Background

Burmese Traditional Music

Introduction

Burmese traditional music is the court tradition passed down by the ethnic Burman, the pre-dominant ethnic group of Burma’s total population. Although its ethnicity is today associated exclusively with Burmans, the music is an amalgamation of different local and international cultures that had facilitated certain degrees of assimilation and localization.

In addition, warfare between Burmese kingdoms and particular external powers like Thailand have also integrated and exchanged artistic practices into Burmese music. After Burma won the Thai-Burman battles in the sixteenth and eighteenth centuries, Thai/Siamese theatrical plays and music were adopted by Burmans as some Thai musicians and dancers were captured from the Thai court, Ayutthaya. This artistic infusion generated a new style, yòdayà, which has been one of the most popular musical styles in Burma since the second half of the eighteenth century. Furthermore, Konbaung’s, the last dynasty that ruled Burma, (1752–1885) court musical practices, one can also witness the influences of Cambodian, Laotian, and Javanese music, dance and plays, as well as those derived from the indigenes, such as Shan and Arakan. As a result, what is known as Burmese classical music today is an outcome of a centuries-long blending of diverse ethnic music.

It is known as thachìn gyì. The term thachìn gyì refers to the entire song repertoire of Burmese classical music. Although there is little documentation indicating when the Burmese began to use this term, it is clearly associated with the official anthology of the song-text repertoire, Maha-gitá (Great Songs), published in 1969 for political propaganda purposes. Now, it is often used as a loose equivalent for “classical music,” conceived by the Burmese as a repertoire characterized by certain distinctive musical sounds, articulations, and progressions that, taken together, constitute the “classics.”

Thachìn gyì is characterized by two types of ensembles: the hsaìng ensemble and the refined-style ensemble (it is also known as chamber music ensemble). The hsaìng music sounds exhilarating and vigorous, and its most common ensemble, hsaìng-waìng (or simply hsaìng). The ensemble includes maung-hsaìng (gong-circle), kyì-waìng (gong-frame), chaut-lòn-bat (six drum set), and, the leading musical instrument, pat-waìng (drum-circle). It was used in Burmese folk traditions, theatre etc. In contrast, the refined-style music sounds more subtle and enchanting, often using an instrumental duet or a trio to support the crucial vocalist. Typically the vocalist controls the metric cycle by playing two idiophones called and using cymbals and clappers respectively.

Compared to hsaìng music, the music of refined-style ensembles exhibits a steadier, albeit still flexible, tempo. There are some Western musical instruments used in today’s refined-style ensembles, and they were localized for the purposes of playing of Burmese classical music during the period of British colonization (1886–1948).They include the violin (tayàw), the piano (sàndayà), the slide guitar (Bama gitá), and the mandolin (medalin), each having undergone adaptation. In comparison, the indigenous solo musical instruments saùng gauk (arched harp) and pattalà (xylophone) are considered more historical and indigenous. However, there are other performances that western musical instruments are not integrated into ensembles such as “Nat Pwe”, Burmese form of spiritual ceremony.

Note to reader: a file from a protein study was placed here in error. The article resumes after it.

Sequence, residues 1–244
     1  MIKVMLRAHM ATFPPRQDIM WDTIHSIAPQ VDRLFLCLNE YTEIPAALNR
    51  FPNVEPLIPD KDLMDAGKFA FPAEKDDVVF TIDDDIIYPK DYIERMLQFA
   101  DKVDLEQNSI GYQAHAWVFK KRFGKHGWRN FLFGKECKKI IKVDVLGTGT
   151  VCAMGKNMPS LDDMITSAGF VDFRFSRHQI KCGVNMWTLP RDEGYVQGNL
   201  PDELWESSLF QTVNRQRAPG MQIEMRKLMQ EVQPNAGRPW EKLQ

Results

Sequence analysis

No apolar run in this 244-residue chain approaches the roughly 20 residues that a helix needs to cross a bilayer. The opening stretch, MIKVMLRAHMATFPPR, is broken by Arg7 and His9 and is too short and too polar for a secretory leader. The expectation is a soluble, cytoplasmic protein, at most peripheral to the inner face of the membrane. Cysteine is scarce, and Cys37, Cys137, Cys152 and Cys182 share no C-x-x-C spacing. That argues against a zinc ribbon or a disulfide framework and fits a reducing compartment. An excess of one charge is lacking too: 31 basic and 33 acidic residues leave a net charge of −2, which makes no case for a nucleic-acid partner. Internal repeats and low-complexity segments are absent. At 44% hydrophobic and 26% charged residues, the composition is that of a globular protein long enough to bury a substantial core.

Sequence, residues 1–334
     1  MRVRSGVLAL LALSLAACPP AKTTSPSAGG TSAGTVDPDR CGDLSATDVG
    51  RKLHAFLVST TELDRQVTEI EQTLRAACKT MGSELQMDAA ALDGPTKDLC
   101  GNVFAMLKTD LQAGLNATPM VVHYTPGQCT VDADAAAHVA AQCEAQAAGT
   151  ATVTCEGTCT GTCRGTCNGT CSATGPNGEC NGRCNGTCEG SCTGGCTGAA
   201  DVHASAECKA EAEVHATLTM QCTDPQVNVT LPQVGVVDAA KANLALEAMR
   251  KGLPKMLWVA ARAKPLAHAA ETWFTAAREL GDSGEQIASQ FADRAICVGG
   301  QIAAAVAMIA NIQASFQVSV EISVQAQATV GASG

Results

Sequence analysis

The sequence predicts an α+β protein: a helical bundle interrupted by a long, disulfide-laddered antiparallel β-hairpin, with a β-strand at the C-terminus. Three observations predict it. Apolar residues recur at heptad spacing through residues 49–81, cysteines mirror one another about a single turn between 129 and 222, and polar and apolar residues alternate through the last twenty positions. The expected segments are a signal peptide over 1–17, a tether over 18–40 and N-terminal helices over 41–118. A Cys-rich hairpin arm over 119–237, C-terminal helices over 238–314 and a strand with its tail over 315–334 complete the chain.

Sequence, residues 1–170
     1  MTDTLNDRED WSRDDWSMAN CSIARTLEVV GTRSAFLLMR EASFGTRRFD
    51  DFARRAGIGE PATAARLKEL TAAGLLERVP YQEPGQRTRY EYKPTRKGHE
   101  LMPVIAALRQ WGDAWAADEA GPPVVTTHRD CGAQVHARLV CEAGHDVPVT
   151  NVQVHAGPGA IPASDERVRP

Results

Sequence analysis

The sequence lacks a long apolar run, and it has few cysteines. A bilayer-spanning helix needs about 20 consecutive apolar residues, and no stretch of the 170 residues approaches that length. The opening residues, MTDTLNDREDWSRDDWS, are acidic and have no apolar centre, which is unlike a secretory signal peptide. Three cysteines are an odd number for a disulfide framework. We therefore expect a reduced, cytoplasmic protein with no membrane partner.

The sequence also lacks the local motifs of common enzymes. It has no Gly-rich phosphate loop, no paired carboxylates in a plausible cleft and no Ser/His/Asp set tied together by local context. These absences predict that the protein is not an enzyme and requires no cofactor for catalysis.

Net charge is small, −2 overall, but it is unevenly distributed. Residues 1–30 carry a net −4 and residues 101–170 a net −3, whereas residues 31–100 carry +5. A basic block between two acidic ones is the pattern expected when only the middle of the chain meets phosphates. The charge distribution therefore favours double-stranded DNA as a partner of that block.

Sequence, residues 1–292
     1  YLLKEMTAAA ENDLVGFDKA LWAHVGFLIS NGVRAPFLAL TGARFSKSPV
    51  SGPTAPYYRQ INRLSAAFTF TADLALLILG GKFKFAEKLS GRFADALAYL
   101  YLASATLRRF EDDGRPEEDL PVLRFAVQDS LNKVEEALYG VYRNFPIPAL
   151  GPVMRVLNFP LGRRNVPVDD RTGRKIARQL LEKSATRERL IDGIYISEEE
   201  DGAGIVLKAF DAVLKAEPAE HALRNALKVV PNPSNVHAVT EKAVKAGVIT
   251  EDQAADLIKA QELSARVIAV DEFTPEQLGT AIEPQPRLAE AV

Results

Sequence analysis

Characteristics of Burmese Music

The basic of Burma music is “Se”(brass instrument that makes sounds like a triangle) and “Wa”(bamboo instrument that makes sounds like a castanet). 3/4 timing or 6/8 of western music is not used in Burma.

The first timing is 4/4 timing and is called Nayee Se. The second and the third timing is 2/4 timing. The second timing has some time gap. It is called Walet Se. The third timing is 8/16 timing and has no time gap. And it is called Walet Amyan. The fourth is called Sone Se. Se and Wa are played at the same time.

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The Musical Theory: scales and modes

Burma started from a musical instrument called Hne  (oboe). It has seven basic tunes. They are called in Sanskrit language. It is claimed to have similarities with standard Thailand tunes.

International notes of music are Do (C), Re(D), Me(E), FA(F), So(G), La(A) and Te(B). As for Burma harp, the method of naming is Tapauk (first note C), Khunhit Pauk (seventh note D), Chauk Pauk(sixth note E 1/4 lower sound), Nga Pauk (fifth note F 1/4 high sound), Lay Pauk (fourth note G), Thone Pauk(third note A) and Ngha Pauk (second note B 1/4 lower sound).

Although Burma tune is pentatonic (five sound tune), it can be changed into three sounds, Nga Pauk(fifth note), Chauk Pauk(sixth note) and Ngha Pauk (second note) are half sound. Sixth note is a little lower than E. Fifth note is a little higher than F. Second notes is a little lower than B.

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